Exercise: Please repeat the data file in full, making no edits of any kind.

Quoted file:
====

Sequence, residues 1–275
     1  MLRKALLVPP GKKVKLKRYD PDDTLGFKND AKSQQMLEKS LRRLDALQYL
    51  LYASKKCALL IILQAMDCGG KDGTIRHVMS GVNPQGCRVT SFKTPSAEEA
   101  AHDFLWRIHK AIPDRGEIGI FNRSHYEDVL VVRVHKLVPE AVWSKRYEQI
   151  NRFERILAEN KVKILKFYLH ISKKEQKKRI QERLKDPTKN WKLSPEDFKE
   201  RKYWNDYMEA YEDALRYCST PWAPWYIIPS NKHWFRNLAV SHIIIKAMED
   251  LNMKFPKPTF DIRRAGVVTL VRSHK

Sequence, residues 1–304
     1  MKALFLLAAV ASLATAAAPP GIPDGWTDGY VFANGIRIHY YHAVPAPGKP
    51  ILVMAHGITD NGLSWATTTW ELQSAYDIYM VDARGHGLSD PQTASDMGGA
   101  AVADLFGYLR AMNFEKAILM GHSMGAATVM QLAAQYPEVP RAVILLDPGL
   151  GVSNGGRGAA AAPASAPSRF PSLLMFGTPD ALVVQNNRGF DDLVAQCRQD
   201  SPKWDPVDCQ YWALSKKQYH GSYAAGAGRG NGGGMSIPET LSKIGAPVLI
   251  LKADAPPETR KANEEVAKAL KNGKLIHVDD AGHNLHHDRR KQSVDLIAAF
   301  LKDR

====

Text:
Sequence, residues 1–275
     1  MLRKALLVPP GKKVKLKRYD PDDTLGFKND AKSQQMLEKS LRRLDALQYL
    51  LYASKKCALL IILQAMDCGG KDGTIRHVMS GVNPQGCRVT SFKTPSAEEA
   101  AHDFLWRIHK AIPDRGEIGI FNRSHYEDVL VVRVHKLVPE AVWSKRYEQI
   151  NRFERILAEN KVKILKFYLH ISKKEQKKRI QERLKDPTKN WKLSPEDFKE
   201  RKYWNDYMEA YEDALRYCST PWAPWYIIPS NKHWFRNLAV SHIIIKAMED
   251  LNMKFPKPTF DIRRAGVVTL VRSHK

Sequence, residues 1–304
     1  MKALFLLAAV ASLATAAAPP GIPDGWTDGY VFANGIRIHY YHAVPAPGKP
    51  ILVMAHGITD NGLSWATTTW ELQSAYDIYM VDARGHGLSD PQTASDMGGA
   101  AVADLFGYLR AMNFEKAILM GHSMGAATVM QLAAQYPEVP RAVILLDPGL
   151  GVSNGGRGAA AAPASAPSRF PSLLMFGTPD ALVVQNNRGF DDLVAQCRQD
   201  SPKWDPVDCQ YWALSKKQYH GSYAAGAGRG NGGGMSIPET LSKIGAPVLI
   251  LKADAPPETR KANEEVAKAL KNGKLIHVDD AGHNLHHDRR KQSVDLIAAF
   301  LKDR